[7.133] But to Athens and Sparta Xerxes did not send heralds to demand earth, because of the following: previously when Darius had sent heralds for the same thing, those asking were at one city into a pit and at the other into a well thrown down; and [the citizens] commanded them to carry their earth and water from those places to the King. For that reason Xerxes did not send men to ask....

5. Thermopylae

[7.175] [As the Persian force approached Hellas] the Hellenes...consulted as they should make a stand for war, and in what places. And the opinion which won out was that they should guard the pass at Thermopylae...and that the fleet should Artemesion. For these places are near to one another so that each force would be able to learn how the other was doing....

[7.176] ....At Thermopylae on the side towards evening [= the West] is a mountain, unpassable and very steep, an extension of Mt. Oita; and on the side of the road towards the dawn there lies sea and shallows. (There are in this pass warm bathing pools....)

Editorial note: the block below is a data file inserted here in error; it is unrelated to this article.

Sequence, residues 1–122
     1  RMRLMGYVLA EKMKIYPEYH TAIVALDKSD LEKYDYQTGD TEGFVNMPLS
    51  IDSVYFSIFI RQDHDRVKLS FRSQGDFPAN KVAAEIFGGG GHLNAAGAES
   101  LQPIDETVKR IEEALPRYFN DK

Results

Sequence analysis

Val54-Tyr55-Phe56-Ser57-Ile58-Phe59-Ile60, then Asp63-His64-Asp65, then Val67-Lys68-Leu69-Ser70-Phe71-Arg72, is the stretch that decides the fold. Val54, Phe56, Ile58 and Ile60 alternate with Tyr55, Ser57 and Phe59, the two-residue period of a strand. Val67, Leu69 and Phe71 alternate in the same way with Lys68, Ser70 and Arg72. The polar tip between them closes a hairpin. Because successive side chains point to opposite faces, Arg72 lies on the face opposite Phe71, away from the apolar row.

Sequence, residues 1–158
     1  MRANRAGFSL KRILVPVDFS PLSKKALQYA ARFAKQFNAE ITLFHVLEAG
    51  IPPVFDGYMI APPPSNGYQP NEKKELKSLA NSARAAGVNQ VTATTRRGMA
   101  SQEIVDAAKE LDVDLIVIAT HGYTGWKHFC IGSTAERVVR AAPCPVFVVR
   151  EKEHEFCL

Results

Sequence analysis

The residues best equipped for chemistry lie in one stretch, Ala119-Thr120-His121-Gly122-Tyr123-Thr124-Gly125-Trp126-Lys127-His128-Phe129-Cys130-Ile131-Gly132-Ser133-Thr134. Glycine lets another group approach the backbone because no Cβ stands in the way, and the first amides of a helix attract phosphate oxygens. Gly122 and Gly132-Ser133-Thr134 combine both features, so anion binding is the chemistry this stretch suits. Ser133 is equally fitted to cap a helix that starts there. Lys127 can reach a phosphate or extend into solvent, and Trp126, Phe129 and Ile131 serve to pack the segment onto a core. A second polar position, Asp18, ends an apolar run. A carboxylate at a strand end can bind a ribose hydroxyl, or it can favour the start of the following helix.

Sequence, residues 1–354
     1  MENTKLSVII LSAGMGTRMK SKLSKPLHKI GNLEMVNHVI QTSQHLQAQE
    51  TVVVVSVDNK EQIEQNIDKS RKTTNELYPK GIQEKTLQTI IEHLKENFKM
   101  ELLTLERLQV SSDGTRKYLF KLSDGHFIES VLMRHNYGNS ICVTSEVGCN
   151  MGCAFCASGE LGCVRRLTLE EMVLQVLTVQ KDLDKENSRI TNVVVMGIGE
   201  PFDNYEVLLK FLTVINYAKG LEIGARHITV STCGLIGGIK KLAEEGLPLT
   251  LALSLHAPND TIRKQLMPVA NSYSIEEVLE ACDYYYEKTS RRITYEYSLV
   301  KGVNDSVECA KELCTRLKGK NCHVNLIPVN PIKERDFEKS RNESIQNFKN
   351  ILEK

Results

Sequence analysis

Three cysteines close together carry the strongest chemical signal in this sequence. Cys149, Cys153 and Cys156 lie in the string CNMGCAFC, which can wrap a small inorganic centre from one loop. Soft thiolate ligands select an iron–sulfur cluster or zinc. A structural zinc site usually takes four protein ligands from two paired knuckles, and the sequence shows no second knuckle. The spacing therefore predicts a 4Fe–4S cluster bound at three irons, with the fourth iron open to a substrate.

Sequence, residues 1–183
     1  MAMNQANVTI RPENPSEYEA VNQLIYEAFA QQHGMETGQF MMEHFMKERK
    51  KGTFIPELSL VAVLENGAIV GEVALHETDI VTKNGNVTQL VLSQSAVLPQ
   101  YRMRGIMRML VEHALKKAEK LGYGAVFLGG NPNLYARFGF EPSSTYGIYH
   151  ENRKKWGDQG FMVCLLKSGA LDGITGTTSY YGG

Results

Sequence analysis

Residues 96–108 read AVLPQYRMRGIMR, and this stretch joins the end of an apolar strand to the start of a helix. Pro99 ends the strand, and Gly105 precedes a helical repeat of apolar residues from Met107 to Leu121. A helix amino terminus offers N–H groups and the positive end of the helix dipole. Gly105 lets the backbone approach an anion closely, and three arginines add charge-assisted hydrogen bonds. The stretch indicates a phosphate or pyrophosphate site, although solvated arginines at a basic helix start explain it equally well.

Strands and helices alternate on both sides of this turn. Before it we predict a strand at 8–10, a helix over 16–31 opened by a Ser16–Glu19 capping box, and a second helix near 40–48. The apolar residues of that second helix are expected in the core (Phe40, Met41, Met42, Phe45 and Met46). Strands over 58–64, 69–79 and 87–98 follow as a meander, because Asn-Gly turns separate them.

[7.204] ...[When the Hellenes gathered at Thermopylae, each contingent had its own general] but the most highly regarded one, and the leader of the whole army, was the Lakedaimonian Leonidas son of Anaxandrides...[a descendant of] Herakles; and he was a king in Sparta....

[7.207] ...The Hellenes at Thermopylae, when the Persian was near the pass, grew afraid and began discussing a withdrawal. Now to the other Peloponnesians it seemed best to return to the Peloponnese and to hold that isthmus under guard. But Leonidas, when the Phokians and Lokrians expressed anger at this opinion, voted to remain there and to send messengers to the other poleis commanding them to come and help, since the ones there were too few to ward off the army of the Persians.